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NIH scientist Marshall Nirenberg dies; deciphered code

NIH geneticist Marshall W. Nirenberg was the first federal employee to win a Nobel in physiology or medicine.
NIH geneticist Marshall W. Nirenberg was the first federal employee to win a Nobel in physiology or medicine. (Nih - Nih)
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Born April 10, 1927, in New York, Marshall Warren Nirenberg moved with his family to Orlando in 1941 after he developed rheumatic fever. He graduated from the University of Florida with degrees in zoology and chemistry. He received his doctorate in biological chemistry at the University of Michigan in 1957. He immediately joined NIH as a postdoctoral fellow at the National Institute of Arthritis and Metabolic Diseases, now the National Institute of Arthritis and Musculoskeletal and Skin Diseases.

He spent his career at NIH, telling the New York Times in 1987: "I have been tempted to leave but I always ask myself, could I do better work someplace else, and I don't think I could. The salary here is relatively low, but the advantage to N.I.H. is that you can use your time completely for research without the distraction of teaching or committee work.''

Colleagues described Dr. Nirenberg as enthusiastic about the work of others and highly collegial. His Nobel banquet speech shared credit with those who collaborated and competed: "One individual alone creates only a note or so that blends with those produced by others. The advances that have been described here today are due to the efforts of investigators throughout the world."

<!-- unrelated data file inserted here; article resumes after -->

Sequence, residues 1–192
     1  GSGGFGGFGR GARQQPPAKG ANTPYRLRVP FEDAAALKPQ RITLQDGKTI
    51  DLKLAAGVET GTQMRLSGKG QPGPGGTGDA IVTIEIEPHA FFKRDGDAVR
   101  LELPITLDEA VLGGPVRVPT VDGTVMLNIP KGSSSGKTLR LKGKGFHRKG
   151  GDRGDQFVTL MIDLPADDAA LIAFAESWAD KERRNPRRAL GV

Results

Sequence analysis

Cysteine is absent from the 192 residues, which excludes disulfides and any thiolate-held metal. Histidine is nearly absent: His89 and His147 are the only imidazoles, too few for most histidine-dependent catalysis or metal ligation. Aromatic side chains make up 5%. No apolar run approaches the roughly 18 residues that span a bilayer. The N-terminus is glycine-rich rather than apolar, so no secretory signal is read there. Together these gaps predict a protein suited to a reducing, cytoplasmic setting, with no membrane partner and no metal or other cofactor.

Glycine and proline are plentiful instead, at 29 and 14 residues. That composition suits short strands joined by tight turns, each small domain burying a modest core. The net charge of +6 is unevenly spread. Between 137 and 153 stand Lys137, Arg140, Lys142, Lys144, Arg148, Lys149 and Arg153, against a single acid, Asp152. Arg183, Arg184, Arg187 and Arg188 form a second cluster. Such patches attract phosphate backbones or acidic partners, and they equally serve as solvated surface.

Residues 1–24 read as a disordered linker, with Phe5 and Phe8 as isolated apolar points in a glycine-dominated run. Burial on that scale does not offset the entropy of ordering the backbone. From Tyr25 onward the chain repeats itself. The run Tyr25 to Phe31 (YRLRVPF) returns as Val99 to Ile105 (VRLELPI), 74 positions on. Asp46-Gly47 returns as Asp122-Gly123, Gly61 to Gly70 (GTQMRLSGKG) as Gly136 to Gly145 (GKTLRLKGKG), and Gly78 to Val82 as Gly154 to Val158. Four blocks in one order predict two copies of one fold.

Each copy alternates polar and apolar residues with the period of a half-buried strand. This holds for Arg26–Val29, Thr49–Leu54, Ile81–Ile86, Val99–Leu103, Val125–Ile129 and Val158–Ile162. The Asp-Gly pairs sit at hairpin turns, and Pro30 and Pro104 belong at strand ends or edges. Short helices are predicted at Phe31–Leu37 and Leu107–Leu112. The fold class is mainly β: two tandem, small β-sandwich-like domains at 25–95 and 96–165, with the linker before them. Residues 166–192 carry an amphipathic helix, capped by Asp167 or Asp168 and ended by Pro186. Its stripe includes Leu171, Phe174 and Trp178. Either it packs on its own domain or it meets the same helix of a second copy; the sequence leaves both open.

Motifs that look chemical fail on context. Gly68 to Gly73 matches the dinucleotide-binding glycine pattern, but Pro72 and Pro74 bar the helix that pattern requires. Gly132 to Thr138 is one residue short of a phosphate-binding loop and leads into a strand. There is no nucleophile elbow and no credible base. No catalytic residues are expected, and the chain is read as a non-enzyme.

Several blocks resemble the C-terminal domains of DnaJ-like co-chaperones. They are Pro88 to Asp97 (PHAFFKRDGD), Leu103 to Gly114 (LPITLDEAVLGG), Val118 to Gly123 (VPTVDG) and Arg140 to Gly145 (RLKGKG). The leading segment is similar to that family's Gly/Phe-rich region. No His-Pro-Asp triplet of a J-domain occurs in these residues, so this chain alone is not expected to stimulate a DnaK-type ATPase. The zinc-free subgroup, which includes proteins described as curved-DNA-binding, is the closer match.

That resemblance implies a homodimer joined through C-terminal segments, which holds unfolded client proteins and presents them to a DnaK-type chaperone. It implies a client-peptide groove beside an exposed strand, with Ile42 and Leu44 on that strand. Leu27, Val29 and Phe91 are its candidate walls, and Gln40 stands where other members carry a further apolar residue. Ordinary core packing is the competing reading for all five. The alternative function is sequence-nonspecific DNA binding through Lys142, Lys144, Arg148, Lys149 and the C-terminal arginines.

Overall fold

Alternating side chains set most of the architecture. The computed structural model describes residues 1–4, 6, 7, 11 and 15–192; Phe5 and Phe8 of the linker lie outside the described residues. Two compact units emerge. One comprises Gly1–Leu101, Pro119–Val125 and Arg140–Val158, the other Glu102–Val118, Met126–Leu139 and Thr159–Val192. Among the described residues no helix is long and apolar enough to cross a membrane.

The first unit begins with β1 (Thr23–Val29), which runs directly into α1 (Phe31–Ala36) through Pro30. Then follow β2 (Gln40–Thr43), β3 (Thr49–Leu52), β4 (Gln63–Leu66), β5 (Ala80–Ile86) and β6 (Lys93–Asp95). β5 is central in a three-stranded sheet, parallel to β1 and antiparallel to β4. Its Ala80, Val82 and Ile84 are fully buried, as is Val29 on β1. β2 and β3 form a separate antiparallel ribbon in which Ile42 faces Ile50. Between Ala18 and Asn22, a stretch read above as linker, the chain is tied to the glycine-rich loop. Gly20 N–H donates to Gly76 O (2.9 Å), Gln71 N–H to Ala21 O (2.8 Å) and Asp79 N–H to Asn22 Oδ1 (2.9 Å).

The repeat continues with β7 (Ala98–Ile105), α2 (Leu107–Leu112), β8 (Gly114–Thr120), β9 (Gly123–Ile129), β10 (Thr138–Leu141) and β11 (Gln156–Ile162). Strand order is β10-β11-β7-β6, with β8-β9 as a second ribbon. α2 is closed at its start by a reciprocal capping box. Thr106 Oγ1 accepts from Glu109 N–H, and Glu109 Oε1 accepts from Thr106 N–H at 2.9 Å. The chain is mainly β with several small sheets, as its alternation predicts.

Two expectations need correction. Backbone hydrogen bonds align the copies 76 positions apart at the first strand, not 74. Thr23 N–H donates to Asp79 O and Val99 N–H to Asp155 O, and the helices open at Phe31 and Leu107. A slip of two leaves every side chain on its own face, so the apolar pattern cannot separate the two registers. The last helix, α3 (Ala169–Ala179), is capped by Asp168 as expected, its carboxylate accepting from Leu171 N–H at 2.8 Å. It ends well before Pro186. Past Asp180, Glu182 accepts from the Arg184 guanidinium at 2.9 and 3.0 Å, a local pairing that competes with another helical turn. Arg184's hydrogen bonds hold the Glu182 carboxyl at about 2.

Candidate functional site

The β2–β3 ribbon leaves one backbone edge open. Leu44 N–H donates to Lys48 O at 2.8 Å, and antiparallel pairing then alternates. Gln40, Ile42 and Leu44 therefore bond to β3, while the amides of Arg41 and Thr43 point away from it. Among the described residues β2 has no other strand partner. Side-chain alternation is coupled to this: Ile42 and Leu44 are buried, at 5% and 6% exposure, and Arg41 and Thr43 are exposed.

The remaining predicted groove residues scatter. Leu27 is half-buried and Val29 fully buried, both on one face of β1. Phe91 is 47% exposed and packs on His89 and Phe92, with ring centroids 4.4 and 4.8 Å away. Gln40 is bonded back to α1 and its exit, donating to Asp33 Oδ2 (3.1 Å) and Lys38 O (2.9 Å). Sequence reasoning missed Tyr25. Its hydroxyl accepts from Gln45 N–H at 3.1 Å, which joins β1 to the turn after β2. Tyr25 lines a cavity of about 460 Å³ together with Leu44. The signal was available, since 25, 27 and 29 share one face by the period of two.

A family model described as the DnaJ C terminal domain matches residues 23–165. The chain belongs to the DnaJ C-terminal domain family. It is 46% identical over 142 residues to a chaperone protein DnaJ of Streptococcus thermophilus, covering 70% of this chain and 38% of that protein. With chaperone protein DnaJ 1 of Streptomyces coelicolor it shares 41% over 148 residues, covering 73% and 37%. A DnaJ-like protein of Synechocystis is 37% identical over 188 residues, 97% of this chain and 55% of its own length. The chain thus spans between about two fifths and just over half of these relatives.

Researchers who worked under him became scientific leaders in labs around the world, including two who earned their own Nobel Prizes.

Dr. Nirenberg continued to make significant discoveries in neurobiology and genetics, from pioneering work in culturing neural cells to studying gene expression, stem cell differentiation and nervous system development. In the 1980s, Dr. Nirenberg and an associate discovered a fruit fly gene that is essential for normal heart development, which is helping clinicians understand congenital heart disease. Most recently, he made innovations in small-molecule screening for applications in addiction, memory, and heart and blood disorders.

Among his awards were the National Medal of Science in 1966 and the National Medal of Honor in 1968.

His wife of 40 years, Perola Zaltzman Nirenberg, died in 2001.

Survivors include his wife of four years, Myrna M. Weissman of New York and Potomac; four stepchildren, Susan Weissman of Evanston, Ill., Judith Weissman of New York, Sharon Weissman of New Haven, Conn., and Jonathan Weissman of San Francisco; a sister; and seven grandchildren.

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